This is an important consideration. Cats are very independent and above all they are hunters. Most cats which are used to spending any time outdoors will be unhappy indoor cats. Many cats kept permanently indoors are bored and without anything to occupy their minds they will sleep or may develop psychological problems. It is therefore essential that indoor cats have a lot to amuse them. Plenty of pet toys, and some climbing scaffolds will keep the cat amused when you are out. But is is also important to set a play time when the cat interact with you. Cats love routine, so regular play times are important. Although cats are very much solitary animals and do not pine for the company of their own kind, when cats are kept permanently indoors, having two may be an advantage. Even if they hate each other but they will have a partner to interact with.
If you have a garden, you should consider letting the cat out into it. Cats with free access to the garden have lots to keep them busy and they get sufficient exercise to keep fit. However, it is not always possible for your cat to get outdoors. You may live in a high rise building or next to a busy road (cats can be very stupid when it comes to traffic) and in these situations an indoor cat is the only solution. There are some breeds of cat which are well suited for indoor life, and if the cat must be indoors, we strongly recommend you choose one of these breeds.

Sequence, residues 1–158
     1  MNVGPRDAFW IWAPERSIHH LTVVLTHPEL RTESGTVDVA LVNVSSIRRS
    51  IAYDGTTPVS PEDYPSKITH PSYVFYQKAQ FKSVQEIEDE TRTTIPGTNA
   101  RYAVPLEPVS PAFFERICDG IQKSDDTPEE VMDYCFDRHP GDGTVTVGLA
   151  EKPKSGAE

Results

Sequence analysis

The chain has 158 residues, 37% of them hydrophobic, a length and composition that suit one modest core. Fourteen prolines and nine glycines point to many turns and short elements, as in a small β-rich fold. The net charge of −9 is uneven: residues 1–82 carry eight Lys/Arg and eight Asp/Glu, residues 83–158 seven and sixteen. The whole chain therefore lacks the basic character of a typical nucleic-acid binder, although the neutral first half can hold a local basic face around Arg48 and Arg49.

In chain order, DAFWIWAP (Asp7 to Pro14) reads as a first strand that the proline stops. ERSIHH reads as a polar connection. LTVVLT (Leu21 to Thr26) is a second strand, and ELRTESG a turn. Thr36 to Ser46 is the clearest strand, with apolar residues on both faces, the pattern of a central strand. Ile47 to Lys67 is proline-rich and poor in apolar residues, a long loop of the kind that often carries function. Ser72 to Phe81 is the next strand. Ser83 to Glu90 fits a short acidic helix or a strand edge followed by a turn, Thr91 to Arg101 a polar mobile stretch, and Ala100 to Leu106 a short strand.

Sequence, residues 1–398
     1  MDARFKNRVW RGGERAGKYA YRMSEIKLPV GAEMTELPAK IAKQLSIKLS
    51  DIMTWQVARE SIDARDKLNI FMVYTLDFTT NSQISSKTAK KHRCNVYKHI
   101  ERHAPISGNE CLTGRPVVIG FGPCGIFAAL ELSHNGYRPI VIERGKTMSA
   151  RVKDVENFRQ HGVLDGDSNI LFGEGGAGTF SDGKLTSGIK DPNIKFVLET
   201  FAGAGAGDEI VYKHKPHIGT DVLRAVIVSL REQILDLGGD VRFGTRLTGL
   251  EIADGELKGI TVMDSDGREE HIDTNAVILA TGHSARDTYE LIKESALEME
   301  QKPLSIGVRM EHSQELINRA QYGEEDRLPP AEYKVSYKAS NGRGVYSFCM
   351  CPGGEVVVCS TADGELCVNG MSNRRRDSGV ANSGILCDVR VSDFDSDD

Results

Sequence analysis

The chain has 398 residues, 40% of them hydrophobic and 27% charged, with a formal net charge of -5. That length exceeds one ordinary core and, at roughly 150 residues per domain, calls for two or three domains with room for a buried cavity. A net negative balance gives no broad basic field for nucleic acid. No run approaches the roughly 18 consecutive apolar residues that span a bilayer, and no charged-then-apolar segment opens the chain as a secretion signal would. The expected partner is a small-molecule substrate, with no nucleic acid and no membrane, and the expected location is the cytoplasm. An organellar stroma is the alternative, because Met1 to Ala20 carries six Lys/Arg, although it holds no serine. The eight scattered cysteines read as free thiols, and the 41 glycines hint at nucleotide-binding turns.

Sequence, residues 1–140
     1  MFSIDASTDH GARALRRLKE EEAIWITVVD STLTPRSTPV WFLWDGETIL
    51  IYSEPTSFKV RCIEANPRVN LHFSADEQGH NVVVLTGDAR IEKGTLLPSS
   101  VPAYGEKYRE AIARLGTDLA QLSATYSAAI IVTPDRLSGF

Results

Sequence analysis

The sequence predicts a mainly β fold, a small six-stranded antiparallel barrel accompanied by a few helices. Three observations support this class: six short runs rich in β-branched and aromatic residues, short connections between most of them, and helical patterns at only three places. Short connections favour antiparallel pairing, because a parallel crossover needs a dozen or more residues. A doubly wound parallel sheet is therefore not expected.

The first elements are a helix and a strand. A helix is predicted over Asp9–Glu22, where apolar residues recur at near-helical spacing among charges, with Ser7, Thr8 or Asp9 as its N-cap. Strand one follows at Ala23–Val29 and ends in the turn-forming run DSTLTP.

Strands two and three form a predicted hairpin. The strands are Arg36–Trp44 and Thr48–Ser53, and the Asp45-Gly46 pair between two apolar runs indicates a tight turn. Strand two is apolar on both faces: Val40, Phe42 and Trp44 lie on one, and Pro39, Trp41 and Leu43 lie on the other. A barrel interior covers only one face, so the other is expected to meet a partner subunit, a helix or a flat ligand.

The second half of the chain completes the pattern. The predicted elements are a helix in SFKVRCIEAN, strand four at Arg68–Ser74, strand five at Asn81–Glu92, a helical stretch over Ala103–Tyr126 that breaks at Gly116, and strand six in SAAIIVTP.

Should I have one or more cats?
From the point of view of a cat - one is the ideal number. Cats are territorial and solitary and having more than one cat may result in frequent fights. That does not mean that you cannot adopt more than one animal. As mentioned above, for indoor cats, more than one cat is an advantage. Taking two cats from the same litter may be a good choice. They are used to playing and interacting with each other and some brothers or sisters do form a strong bond. If you have already got a cat and are considering adopting another, you need to choose carefully. Kittens may be a better choice than adults because they do not constitute the same degree of threat to the resident cat. Adopting an adult cat may be more difficult but a slow and careful introduction should result in successful homing. There are some cats that will not tolerate other cats. In that case it is best to leave them as single animals and find a new home for the unsuccessful newcomer. Remember, always to stick firmly to the role of adoption- last in, first out.